Around 1992 the Spanish wildlife publisher Lynx began its 16 volume Handbook of the Birds of the World. It is an extraordinary achievement with hundreds of photographers and artists contributing and with a vast amount of general as well as specific ornithological information supplied. It is the only animal family to be completely chronicled in this way and is a major scientific undertaking. At several hundred Euros per volume I indulgently started off by adding a volume every year or so but a few lean years (private school fees etc) left me 4 volumes short of the complete collection. In addition an add-on volume of new species has been published. Volume 11 – which I own – has just gone out of print and it seemed likely that my chance to complete the collection was fading. Fortunately Lynx have offered the 4 volumes I want (along with the add-on volume of new species at a substantial discount so I snapped them up. Still not cheap but, for a bird enthusiast such as myself, it is a happy acquisition. In conjunction with the online resources made available by Lynx it provides all the general information one could conceivably require about the world’s avifauna. I like the species distribution maps.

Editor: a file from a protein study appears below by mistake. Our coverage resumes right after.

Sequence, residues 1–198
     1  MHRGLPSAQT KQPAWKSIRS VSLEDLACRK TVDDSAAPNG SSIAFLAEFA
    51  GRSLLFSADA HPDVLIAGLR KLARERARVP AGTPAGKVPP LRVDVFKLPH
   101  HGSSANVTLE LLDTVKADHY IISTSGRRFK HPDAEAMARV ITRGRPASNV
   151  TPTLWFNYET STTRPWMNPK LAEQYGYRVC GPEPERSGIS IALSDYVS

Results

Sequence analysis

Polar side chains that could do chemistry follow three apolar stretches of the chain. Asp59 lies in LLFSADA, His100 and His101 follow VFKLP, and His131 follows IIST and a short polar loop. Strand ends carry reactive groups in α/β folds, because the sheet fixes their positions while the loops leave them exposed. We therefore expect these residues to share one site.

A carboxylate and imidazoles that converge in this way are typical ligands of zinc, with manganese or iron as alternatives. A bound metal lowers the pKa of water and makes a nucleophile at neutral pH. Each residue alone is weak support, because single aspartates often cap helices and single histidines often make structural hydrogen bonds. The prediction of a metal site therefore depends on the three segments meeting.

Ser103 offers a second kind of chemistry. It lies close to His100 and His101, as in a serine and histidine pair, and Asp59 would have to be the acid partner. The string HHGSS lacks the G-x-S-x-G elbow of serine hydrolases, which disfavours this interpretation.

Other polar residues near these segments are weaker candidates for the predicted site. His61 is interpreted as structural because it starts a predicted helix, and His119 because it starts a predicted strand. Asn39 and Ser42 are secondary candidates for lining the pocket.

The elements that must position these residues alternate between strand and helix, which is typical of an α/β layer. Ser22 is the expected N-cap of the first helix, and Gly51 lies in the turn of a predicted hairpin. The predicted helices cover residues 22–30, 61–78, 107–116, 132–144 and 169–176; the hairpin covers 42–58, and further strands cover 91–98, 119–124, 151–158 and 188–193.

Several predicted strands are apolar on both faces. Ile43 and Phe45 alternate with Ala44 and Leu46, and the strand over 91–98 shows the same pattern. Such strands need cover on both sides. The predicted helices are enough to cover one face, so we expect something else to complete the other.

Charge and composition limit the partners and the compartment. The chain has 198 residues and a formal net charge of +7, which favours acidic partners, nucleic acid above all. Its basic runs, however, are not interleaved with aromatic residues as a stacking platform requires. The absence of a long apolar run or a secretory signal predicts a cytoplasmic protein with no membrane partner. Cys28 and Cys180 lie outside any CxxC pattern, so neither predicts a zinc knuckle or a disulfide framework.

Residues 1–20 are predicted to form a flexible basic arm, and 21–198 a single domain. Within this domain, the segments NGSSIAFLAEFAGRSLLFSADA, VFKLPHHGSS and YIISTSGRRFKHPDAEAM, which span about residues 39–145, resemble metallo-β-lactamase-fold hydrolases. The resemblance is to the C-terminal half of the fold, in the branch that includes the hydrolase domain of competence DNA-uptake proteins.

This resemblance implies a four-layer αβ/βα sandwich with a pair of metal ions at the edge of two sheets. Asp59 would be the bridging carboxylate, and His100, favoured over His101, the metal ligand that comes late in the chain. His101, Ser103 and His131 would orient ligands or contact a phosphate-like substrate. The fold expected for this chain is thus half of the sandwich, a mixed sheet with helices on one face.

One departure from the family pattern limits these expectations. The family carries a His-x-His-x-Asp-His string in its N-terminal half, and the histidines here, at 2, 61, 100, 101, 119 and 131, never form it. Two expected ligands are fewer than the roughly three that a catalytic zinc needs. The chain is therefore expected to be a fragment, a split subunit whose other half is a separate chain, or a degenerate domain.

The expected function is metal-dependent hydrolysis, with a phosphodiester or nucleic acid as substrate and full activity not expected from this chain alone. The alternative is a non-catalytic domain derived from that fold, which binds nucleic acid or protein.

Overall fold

I also have the 8 volume series of Australian, New Zealand and Antarctic Birds that was prepared over 20 years by what is now called Birds Australia. This is a much more detailed account of all the birds I am likely to encounter in Australia. I use it occasionally for specialised information but, despite its glorious colour plates of bird paintings, it does not quite offer the excitement of the Handbook.